Photographer Bob Willoughby has died at his home in Vence, France, aged 82. For many years he was the one of the most prominent still cameramen in the international film industry, largely due to his unobtrusive style and aesthetic sensibility. Critic Charles Champlin once described Willoughby’s work as transcending photojournalism to become ‘salon art’.

Willoughby’s big break came in 1954 when he photographed Judy Garland as he filmed the final scene of A Star Is Born. This portrait became his first cover for Life magazine. He went on to work on nearly a hundred films, including My Fair Lady, Who’s Afraid Of Virginia Woolf?, The Graduate and Rosemary’s Baby.

Willoughby became the favoured lensman of Frank Sinatra and the Rat Pack, and was close to Audrey Hepburn, his ‘muse’. A lifelong jazz fan, Willoughby captured the likes of Billie Holiday, Chet Baker and Cole Porter in their prime. He was a short, cherubic man, described by one observer as ‘a leprechaun with a Leica.’

Offscreen, Willoughby was more interested in art and home than the celebrity lifestyle he had chronicled for so long.  ‘I never wanted Hollywood for myself,’ he reflected in The Times. ‘I was just about my family and my work.’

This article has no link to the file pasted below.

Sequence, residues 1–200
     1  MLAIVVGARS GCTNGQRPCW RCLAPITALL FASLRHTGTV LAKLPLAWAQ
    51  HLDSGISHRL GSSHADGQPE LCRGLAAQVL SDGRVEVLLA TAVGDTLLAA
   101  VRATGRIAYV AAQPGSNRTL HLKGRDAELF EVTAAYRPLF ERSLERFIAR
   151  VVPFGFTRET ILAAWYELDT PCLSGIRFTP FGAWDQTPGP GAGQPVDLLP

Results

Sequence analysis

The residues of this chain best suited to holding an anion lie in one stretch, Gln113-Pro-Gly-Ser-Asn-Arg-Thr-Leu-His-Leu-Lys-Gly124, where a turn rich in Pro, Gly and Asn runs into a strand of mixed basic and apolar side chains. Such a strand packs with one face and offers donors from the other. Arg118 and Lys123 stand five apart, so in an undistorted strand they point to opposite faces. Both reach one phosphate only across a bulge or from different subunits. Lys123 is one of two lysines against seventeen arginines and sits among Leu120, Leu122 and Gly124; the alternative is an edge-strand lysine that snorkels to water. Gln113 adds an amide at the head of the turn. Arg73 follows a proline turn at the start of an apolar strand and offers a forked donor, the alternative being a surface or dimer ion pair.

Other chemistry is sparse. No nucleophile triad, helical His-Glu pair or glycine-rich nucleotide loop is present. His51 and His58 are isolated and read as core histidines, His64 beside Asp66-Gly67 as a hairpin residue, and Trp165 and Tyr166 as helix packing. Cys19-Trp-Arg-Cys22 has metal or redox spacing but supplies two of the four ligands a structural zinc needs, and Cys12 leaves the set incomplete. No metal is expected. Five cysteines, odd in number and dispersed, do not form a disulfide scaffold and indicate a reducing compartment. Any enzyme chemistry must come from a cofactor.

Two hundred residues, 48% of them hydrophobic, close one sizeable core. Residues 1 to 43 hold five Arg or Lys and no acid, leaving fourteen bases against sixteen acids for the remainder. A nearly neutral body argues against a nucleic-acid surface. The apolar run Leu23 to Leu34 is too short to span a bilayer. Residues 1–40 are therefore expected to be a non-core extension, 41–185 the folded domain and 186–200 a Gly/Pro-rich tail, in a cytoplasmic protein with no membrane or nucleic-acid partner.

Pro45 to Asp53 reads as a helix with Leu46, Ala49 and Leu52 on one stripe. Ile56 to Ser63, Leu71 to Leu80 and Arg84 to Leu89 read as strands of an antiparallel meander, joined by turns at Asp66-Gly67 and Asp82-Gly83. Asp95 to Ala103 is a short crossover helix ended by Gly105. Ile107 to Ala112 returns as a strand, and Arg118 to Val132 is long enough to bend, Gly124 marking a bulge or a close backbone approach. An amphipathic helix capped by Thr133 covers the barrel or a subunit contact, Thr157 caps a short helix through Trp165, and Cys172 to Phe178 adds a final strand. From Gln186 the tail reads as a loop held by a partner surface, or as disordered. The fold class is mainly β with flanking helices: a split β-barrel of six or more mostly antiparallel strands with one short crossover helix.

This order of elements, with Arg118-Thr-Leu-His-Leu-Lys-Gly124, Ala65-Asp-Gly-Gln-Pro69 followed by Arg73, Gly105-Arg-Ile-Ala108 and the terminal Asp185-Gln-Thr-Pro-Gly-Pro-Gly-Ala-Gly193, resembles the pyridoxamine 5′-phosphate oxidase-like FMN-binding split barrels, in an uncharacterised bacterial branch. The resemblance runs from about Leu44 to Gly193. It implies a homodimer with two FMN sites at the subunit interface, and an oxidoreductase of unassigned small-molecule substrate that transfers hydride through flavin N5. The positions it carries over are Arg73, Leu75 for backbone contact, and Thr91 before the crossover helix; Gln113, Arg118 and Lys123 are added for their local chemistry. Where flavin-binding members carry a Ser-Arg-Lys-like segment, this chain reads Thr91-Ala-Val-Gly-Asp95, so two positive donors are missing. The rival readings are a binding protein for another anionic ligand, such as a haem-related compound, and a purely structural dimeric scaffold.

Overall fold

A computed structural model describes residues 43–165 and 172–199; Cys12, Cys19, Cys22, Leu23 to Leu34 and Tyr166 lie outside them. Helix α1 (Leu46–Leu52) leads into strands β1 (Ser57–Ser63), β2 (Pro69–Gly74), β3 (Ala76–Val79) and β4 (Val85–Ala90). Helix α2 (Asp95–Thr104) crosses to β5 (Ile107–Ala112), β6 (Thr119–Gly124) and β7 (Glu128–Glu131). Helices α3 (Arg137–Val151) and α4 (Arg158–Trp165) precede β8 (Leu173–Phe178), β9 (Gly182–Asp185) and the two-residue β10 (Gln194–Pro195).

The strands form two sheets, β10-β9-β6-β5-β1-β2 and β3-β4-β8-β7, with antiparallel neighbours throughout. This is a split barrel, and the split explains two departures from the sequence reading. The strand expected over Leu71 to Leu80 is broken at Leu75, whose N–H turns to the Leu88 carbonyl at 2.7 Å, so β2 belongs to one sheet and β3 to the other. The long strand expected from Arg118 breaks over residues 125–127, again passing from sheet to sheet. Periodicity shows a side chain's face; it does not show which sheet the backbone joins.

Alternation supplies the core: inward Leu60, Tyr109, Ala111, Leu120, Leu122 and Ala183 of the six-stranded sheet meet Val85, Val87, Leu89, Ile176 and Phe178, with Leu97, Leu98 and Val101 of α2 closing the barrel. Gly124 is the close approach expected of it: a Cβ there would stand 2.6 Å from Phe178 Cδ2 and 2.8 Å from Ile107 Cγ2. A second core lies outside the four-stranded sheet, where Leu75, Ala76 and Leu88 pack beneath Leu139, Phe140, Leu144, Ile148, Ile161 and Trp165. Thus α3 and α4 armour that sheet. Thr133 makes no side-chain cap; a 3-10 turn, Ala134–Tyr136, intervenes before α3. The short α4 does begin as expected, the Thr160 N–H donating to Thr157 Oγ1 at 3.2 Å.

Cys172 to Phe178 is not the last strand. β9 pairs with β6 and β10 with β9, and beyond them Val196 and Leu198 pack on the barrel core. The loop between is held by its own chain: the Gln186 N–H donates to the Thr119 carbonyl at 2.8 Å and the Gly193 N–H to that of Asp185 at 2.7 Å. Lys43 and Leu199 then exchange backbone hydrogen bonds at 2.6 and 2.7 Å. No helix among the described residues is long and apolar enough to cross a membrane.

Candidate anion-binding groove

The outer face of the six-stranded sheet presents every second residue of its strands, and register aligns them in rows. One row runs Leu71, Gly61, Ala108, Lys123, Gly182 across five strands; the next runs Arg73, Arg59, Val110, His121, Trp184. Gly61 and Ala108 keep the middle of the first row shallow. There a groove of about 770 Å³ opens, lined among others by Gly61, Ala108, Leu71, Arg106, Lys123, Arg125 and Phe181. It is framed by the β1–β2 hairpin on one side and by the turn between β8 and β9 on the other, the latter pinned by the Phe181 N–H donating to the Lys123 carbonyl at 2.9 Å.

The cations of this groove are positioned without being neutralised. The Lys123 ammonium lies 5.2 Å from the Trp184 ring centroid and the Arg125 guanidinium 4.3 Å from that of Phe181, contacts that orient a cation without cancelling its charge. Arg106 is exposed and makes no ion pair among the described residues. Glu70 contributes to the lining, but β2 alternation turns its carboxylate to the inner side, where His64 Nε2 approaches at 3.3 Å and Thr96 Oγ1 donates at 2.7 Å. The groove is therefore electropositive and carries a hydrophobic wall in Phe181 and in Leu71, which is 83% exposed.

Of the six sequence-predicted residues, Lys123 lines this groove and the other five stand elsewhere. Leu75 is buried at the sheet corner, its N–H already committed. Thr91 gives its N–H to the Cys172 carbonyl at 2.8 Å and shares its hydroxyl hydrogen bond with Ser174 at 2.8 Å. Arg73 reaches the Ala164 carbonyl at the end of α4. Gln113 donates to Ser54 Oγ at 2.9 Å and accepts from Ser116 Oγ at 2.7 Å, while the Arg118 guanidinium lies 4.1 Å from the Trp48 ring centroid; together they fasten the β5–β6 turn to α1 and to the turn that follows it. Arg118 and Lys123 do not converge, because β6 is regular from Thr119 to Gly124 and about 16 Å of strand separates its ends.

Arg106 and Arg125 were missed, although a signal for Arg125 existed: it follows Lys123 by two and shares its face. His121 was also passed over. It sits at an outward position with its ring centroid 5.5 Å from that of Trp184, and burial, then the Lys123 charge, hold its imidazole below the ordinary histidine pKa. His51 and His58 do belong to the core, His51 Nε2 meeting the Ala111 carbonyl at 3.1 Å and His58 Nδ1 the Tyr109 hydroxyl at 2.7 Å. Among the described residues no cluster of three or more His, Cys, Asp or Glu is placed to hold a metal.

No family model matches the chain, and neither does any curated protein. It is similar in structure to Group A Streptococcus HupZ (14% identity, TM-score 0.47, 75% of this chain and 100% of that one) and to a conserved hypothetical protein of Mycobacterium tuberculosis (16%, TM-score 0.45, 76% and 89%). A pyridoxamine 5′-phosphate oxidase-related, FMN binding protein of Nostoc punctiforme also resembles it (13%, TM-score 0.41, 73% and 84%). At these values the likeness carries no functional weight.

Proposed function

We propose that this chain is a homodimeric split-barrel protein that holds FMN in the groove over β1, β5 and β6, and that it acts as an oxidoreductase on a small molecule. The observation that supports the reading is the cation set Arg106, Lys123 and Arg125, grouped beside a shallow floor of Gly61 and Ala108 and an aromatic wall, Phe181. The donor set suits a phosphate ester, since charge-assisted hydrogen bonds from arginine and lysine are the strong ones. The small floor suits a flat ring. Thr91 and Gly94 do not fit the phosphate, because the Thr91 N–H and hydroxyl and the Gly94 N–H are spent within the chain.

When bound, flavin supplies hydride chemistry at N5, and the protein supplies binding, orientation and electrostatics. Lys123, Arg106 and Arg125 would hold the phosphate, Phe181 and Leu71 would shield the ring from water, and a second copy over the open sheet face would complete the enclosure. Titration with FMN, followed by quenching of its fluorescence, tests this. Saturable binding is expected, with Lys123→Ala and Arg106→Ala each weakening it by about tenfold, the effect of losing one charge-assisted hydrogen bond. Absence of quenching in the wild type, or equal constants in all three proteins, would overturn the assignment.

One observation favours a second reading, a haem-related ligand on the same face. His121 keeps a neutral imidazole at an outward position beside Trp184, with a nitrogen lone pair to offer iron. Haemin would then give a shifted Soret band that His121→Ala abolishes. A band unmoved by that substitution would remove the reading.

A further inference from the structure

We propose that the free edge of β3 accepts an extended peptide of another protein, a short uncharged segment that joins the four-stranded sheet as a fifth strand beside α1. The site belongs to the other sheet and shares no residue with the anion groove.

Willoughby also photographed Marilyn Monroe on at least two occasions; firstly, at a party in her honour in 1952, at the time of her breakthrough hit, Niagara; and on the set of her penultimate movie in 1960.

Born a year after Monroe, Willoughby was also a child of estranged parents, and like Monroe, he grew up in Los Angeles and was fascinated by film from an early age. He was married to Dorothy Willoughby and raised four children, emigrating to Europe in the 1970s.

Director Sydney Pollack said of Willoughby, ‘Sometimes a filmmaker gets a look at a single photograph taken on his own set and sees the ‘soul’ of his film right there.’ This is seemingly true of Willoughby’s rather forlorn portrait of a pensive Monroe (shown above), which is perhaps more expressive than any scene she played in the minor George Cukor musical, Let’s Make Love.

For those who wish to pay their respects to this great photographer, please donate to either UNICEF or Doctors Without Borders.